Courses are available globally, 24/7, from any Internet-connected computer and can be taken at times and locations most convenient to the learner and the organization (e.g., from home, during downtime, or just prior to infrequently performed or critical tasks). Courses from leading providers are self-paced and feature "bookmarking" functions that allow those taking a course to do so in multiple sittings without losing ground.
Real-time tracking and reporting:
Every aspect of the online training experience is captured in the Learning Management System (LMS), allowing training administrators to track lapsed time, completion status, test scores, and much more. Course reminders and customizable completion reports can be automated for trouble-free electronic mailing. Using an instant messaging feature, question-and-answer dialogue with knowledgeable persons is possible before, during, and after course participation.
While an LMS can be used with online courses, leading solutions also can be used to schedule and manage completion of most any type of training. Training requirements can be established for defined groups of employees so that someone joining the maintenance group will receive assignments automatically for required training and retraining at necessary intervals, simply by virtue of membership in the group.
Fully hosted and supported solution:
Easy, fast implementation, with no need for additional hardware, software, or technical resources. Leading providers offer dedicated technical and product support with availability 24/7, guaranteed uptime, and secure, stable network infrastructure.
Incident Investigation, Reporting, and Case Management
Data collection and sharing:
Leading providers integrate a variety of post-incident management functions into a single, convenient interface. This interface may include incident reporting, the worker's compensation first report of injury, incident investigation, OSHA recordkeeping, transitional work tracking, and claim and medical case management.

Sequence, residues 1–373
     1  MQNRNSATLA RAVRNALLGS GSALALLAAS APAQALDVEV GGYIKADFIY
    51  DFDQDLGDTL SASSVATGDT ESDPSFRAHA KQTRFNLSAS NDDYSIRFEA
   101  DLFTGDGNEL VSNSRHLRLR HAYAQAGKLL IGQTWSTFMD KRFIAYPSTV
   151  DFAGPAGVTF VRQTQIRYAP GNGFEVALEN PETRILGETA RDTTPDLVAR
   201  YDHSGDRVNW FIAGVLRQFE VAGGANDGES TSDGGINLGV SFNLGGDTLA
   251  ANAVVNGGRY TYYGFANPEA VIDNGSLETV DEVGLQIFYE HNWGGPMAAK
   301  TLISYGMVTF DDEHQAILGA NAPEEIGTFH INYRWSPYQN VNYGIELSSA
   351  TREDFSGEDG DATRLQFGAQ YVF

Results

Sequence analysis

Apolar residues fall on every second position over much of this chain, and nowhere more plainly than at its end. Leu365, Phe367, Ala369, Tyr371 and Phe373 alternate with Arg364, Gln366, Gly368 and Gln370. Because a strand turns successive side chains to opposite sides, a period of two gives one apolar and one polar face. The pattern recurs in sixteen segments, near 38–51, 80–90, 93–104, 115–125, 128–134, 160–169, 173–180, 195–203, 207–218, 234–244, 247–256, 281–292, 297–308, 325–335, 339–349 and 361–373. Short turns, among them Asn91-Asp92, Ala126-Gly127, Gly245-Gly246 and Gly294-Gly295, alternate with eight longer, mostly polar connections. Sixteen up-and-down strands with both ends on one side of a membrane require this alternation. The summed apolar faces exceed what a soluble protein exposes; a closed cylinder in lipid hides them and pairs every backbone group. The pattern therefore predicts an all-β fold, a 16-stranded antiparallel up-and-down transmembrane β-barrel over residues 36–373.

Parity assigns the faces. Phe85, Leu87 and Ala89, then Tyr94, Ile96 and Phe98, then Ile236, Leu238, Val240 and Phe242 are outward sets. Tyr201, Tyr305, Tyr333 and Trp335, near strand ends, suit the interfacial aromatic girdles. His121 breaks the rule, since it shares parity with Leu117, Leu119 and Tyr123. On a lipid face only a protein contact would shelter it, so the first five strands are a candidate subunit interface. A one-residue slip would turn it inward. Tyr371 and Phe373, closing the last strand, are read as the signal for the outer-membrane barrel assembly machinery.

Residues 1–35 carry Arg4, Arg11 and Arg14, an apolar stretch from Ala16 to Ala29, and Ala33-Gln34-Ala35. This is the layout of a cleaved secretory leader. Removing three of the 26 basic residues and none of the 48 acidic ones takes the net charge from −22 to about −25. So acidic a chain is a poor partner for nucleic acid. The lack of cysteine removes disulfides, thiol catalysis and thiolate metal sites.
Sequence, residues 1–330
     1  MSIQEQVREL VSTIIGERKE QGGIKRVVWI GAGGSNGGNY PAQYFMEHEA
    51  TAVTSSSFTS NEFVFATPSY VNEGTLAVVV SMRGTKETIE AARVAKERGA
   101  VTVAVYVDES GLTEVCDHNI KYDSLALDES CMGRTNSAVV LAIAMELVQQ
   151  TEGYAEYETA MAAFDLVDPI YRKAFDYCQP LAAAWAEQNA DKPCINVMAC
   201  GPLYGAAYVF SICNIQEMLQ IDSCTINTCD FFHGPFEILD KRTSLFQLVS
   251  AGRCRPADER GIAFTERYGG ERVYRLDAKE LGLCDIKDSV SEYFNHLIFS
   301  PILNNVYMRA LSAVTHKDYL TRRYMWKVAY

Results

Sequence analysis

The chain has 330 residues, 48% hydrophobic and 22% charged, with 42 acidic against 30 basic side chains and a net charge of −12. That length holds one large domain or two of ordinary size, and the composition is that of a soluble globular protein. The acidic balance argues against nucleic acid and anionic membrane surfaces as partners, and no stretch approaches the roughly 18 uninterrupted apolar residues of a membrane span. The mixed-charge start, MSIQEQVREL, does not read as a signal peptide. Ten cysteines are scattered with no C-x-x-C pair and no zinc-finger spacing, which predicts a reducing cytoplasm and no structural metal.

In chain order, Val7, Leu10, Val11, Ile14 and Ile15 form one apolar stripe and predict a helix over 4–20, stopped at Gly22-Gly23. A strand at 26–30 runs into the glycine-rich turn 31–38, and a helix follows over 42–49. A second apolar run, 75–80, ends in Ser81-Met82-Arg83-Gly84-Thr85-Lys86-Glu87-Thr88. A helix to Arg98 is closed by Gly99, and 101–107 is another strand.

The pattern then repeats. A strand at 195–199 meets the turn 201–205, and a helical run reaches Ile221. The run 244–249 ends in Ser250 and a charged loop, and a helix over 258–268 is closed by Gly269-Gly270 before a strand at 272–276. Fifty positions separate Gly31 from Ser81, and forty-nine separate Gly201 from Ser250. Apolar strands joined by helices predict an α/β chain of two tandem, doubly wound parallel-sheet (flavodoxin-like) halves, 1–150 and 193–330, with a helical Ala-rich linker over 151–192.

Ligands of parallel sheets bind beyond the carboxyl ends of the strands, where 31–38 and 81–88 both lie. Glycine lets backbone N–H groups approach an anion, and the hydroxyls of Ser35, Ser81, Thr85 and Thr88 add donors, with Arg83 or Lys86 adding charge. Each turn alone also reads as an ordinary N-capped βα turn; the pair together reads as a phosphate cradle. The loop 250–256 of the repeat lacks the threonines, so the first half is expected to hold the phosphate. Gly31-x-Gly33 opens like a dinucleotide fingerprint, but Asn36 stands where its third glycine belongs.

This level of integration allows information captured about an incident to be shared and cooperatively built upon by various concerned parties. These parties may include supervisors, safety and risk management professionals, doctors, worker's comp administrators, and medical case managers. Data sharing eliminates the need for inefficient, redundant, and potentially inconsistent data entry by each party. Multi-disciplinary groups sharing data electronically are able to work together in a way that allows for agile, well-reasoned decisions to be made.
Data reporting and measurement:
Collection and sharing of data through a single interface naturally results in better data availability. Better data availability naturally results in quicker, easier, more powerful, multi-faceted reports.
Leading providers are adding more and more capability to benchmark with industry norms. Comparing against these types of benchmarks allows for a better understanding of opportunities, and this allows for better case management.
Chances are, you've already been asked to "do more with less." And chances are that the people asking will not stop asking. It's time to start thinking about the high-performance part you are going to choose, because sacrifices in the quality of your safety efforts are not sacrifices that should be made.
This article originally appeared in the June 2007 issue of Occupational Health & Safety.